Then there’s her formidable list of TV dramas, ranging from doomed romantic novelist Mary Fisher in The Life And Loves Of A She-Devil and the title role in Jemima Shore Investigates, to young barrister Phyllida Erskine-Brown in John Mortimer’s Rumpole Of The Bailey.
Mayhem ensues with romantic intrigue, mistaken identity and a runaway horse, and the play is packed with what Patricia calls ‘joyful characters with thoroughly recognisable frailties.’ Written in 1887, it was last revived in the West End in 1973, with Alastair Sim and Patricia Routledge.
To be able to make people laugh is like finding a bar of 24-carat gold at the end of the rainbow.’Not many serious actresses with a CV like Patricia’s – who had cornered the market in playing upper-class ice-maidens – find themselves becoming a cult comedy figure at the age of 65.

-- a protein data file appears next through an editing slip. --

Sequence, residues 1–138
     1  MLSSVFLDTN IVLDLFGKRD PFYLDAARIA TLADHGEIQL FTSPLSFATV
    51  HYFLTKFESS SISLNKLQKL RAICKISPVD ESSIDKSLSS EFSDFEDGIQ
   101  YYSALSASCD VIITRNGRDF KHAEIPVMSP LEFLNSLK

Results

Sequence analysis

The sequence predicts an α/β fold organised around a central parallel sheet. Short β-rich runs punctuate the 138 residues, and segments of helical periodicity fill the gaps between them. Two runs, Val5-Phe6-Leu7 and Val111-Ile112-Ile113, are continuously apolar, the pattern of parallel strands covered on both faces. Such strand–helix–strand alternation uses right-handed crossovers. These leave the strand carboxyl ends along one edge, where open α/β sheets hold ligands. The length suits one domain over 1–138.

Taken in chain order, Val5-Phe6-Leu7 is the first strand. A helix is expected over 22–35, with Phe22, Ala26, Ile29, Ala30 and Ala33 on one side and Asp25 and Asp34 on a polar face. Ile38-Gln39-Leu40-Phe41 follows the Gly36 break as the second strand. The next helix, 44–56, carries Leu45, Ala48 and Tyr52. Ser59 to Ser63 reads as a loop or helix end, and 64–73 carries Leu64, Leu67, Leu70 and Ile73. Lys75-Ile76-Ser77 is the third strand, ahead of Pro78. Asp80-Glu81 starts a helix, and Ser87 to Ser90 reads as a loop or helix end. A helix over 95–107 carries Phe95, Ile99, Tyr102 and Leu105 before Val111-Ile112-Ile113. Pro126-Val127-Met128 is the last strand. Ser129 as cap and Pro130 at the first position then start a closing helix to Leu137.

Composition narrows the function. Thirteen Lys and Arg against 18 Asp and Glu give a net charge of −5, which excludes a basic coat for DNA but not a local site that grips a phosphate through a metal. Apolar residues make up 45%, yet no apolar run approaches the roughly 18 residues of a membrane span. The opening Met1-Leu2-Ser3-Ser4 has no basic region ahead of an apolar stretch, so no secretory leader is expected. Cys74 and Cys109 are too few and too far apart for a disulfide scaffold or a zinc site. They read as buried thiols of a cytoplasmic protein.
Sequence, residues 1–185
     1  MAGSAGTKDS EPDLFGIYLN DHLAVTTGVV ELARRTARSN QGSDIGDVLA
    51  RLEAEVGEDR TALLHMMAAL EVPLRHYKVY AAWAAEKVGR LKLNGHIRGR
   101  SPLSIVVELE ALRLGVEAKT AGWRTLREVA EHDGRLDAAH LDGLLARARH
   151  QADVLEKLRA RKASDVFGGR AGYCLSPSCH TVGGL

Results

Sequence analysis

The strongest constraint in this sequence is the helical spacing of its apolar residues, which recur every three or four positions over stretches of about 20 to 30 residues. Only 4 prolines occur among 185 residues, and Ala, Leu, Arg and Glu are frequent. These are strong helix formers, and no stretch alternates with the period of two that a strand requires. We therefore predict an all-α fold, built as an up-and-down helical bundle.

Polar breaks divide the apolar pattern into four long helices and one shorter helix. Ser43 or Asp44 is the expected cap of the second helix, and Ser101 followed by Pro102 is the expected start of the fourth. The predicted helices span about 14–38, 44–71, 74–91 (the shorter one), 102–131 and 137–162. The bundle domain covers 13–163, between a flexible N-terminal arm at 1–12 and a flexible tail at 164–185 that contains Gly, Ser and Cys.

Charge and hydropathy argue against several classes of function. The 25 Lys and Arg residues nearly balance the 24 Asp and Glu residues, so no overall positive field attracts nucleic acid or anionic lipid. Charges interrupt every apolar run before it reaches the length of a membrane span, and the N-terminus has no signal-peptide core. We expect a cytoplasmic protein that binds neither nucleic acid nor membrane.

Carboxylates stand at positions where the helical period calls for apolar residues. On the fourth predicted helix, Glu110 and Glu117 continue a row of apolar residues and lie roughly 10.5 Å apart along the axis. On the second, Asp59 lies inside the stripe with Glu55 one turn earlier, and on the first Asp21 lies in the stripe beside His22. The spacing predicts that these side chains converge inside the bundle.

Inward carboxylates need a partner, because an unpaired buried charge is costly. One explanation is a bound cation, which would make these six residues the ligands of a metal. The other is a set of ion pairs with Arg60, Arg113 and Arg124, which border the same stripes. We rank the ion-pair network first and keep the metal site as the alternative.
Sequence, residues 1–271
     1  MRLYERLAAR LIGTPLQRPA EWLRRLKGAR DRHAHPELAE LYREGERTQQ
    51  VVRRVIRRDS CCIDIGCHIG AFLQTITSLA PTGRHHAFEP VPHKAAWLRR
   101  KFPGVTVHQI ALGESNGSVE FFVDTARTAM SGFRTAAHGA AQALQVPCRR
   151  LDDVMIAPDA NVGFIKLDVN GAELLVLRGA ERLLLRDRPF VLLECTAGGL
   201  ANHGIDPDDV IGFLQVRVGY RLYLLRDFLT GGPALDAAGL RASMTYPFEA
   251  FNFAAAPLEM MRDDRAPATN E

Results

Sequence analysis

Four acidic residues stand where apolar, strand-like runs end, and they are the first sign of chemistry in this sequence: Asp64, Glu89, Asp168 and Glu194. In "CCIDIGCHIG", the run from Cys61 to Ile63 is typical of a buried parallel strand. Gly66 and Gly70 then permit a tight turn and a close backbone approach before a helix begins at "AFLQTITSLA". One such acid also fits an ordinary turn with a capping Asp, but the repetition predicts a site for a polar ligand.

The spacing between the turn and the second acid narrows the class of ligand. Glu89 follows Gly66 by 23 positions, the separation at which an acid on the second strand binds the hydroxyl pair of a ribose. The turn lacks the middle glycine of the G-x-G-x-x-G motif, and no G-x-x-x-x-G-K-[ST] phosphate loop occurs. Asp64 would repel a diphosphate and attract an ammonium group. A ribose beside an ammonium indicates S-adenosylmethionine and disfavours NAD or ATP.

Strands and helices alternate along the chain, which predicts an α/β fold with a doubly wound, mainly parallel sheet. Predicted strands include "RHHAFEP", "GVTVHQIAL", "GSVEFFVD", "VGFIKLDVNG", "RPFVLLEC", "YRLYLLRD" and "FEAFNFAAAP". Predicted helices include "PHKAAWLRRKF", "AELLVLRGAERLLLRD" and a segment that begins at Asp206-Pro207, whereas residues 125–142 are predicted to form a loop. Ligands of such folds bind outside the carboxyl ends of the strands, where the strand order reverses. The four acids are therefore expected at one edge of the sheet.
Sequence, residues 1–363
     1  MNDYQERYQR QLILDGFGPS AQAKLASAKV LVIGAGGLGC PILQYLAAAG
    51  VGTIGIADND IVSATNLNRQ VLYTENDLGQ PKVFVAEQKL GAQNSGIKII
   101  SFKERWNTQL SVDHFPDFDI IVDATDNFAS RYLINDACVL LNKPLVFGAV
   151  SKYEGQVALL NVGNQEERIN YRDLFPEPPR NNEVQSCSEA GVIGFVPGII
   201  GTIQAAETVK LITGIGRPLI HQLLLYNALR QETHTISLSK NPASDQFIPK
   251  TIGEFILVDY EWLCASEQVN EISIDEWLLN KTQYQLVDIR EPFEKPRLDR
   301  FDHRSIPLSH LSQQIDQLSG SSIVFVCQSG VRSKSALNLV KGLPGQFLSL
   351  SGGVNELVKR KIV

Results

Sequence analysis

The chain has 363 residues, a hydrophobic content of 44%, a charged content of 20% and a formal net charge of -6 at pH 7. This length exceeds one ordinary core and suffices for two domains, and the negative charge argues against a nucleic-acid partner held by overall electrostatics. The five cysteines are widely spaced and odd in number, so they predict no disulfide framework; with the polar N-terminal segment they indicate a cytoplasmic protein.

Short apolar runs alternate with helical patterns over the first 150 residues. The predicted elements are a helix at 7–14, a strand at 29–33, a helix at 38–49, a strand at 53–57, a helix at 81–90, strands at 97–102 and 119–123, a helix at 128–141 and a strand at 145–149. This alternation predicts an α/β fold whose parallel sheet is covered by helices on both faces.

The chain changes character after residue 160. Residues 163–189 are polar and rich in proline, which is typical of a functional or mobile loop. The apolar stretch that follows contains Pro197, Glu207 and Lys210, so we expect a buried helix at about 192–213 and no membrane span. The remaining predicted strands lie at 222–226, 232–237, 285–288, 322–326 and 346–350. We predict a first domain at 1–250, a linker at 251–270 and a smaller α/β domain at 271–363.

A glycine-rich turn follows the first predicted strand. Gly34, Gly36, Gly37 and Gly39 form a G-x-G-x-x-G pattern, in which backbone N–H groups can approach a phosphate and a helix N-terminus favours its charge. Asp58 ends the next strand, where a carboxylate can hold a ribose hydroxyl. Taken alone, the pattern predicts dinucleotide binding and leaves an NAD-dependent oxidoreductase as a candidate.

But I don’t really mind, because it’s all rather wonderful for me.
There’s definitely no nudity in her new play, Dandy Dick.
The play co-stars Nicholas Le Prevost as a country vicar, the Very Reverend Augustin Jedd, a pillar of Victorian respectability whose promise to contribute £1,000 to the renovation of the church steeple – together with a couple of spendthrift daughters – has left him in dire straits.
Upstairs in the cocktail lounge, though, we’d get celebrities like Rolf Harris and Violet Carson [Coronation Street’s Ena Sharples].